“A product is something made in a factory; a brand is
something that is bought by the customer. A product can be copied
by a competitor; a brand is unique. A product can be quickly
outdated; a successful brand is timeless.”
Building a product is easy. Map the challenges your industry
faces – brainstorm over the solutions – pick one that’d be an
easy target- hire a team of qualified engineers – build. But,
equally challenging is the concept of building
a brand. I’ll tell you why.
On March 21, 1978, when inflation was high, a startup called
“NoName” was launched by Loblaw with 16 non-branded items in
yellow and black packaging. NoName gained huge popularity in its
initial years due to guaranteed savings of 10 to 40 percent over
other national brands. However, the startup flopped even though it
was yielding great solutions.
According to an article published by The New York Times in 1986,
No Frills, No Sale, NoName didn’t survive long. As per
analysts, it came to a point of extinction in 1983 due to the
degrading faith of people in generic products that lacked a brand
name, a buyer could blindly rely upon. NoName’s failed attempts
at building a rapport with its customers gave its competitors an
upper-edge that constantly were leveraging regular promotions to
build a brand for themselves.
As ideas shape the course of history, a new NoName, this time
called “Brandless” got launched in July 2017 with a similar
Brandless promised to sell each product, from the list of 115
products it was rolled out with, at a reasonable price tag of $3.
The direct-to-consumer brand claimed to eliminate the hidden costs,
up to 40 percent, under “brand tax” associated with branding,
promotions, distributions, etc of the products.
Though the idea was marvelous, it didn’t take long for Tina
Sharkey, co-founder at Brandless, to realize the significance of
facing the irony. Brandless joined hands with Red Antler, a branding agency in
New York that works with giants like Google and Casper, to place
the one piece left to complete the Jigsaw. And, it paid off well
– the Brandless brand announced a $240 million funding round last
Being a product owner, the best thing in your power is to offer
great solutions. Whereas, turning that product into a brand
requires way more than that. A brand needs proof. It asks you to
earn a customer’s trust. It asks you to regularly engage with
that customer. More than anything, it expects that customer to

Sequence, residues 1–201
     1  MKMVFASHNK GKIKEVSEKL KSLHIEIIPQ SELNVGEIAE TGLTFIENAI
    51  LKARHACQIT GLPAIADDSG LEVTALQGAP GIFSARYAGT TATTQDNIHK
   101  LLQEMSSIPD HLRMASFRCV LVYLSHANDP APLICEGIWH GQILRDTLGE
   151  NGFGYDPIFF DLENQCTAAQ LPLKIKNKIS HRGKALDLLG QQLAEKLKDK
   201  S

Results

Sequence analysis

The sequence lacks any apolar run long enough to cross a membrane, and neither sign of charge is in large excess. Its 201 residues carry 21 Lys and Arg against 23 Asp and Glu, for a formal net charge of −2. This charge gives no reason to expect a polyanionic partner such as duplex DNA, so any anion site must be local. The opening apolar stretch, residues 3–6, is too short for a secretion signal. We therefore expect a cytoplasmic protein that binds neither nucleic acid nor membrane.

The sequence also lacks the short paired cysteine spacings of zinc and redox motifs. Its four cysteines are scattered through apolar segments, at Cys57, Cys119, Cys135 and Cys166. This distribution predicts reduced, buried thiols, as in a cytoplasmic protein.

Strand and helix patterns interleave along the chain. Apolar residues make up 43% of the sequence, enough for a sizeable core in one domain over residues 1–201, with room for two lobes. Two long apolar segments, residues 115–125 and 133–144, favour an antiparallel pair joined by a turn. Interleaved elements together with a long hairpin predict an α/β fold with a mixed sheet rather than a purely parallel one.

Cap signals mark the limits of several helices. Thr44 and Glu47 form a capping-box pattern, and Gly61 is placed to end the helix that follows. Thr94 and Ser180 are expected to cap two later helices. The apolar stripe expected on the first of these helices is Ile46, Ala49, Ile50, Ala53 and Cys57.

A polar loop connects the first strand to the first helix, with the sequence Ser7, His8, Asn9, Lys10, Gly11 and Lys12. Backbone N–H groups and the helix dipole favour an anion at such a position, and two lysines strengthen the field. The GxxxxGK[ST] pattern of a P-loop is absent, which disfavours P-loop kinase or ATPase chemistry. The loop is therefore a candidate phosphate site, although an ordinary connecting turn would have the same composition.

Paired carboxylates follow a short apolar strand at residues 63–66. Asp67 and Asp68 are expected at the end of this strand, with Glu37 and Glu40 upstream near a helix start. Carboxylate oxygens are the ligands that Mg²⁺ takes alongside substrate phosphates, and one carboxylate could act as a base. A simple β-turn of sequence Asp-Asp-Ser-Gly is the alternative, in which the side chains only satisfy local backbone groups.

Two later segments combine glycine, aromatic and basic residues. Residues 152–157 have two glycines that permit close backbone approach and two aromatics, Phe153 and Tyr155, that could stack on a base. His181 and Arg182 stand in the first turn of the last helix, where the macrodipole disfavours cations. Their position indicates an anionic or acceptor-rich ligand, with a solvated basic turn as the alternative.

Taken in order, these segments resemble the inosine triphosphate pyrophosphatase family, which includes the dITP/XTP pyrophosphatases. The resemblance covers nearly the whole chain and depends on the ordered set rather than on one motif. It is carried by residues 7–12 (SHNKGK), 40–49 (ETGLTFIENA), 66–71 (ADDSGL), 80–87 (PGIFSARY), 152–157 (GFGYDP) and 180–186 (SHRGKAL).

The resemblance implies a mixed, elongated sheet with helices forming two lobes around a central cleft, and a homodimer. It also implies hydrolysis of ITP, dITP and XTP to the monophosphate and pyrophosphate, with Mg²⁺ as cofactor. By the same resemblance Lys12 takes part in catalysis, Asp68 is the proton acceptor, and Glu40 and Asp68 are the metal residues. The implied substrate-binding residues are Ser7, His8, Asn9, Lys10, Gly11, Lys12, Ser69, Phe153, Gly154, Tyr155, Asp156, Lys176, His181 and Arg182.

reach your next prospect before your rivals/their customers do.
Brand building is a hard win. Retailers would know best, as many in
the industry have now started to realize the struggle. The
influence that an audience owner, in the same market, exerts over
the targeted persona is hard to match for these retailers. And,
that is exactly why they need audience owners to back them up.
Wait, but who has this audience?
Commerce publishers today review products and cover their major
updates day-in-day-out. It’s a core part of their job to connect
dots to anticipate a product’s next big move, perform product
breakdowns and create an intriguing case study that either boasts
about the product or drills down to its silly mistakes.
Online retailers have started approaching these publishers to
shift this content under their hood. Amazon – the biggest online
distributor, reached out to small or less established publishers of
late and asked them to post their content directly on its website.
Where Amazon got to experiment with its conversion via owned
content tactic, many entry-level publishers took it as their big
break and readily agreed. How perfect can this targeting be?
What’s putting publishers in a critical spot?
On a land, not too far, six fully-fledged bedding stores right
now breathe under the umbrella of Parachute. Born online, unlike
many brands in this space, this bedding and bathroom linen startup
focuses on building a brand identity that doesn’t rely on the
walled gardens. Luke Droulez, the chief marketing officer at
Parachute, in a podcast stated – “I don’t want to be known
as a Facebook brand or an Instagram brand”. Instead, he’d like
Parachute to be known as a lifestyle brand that has people’s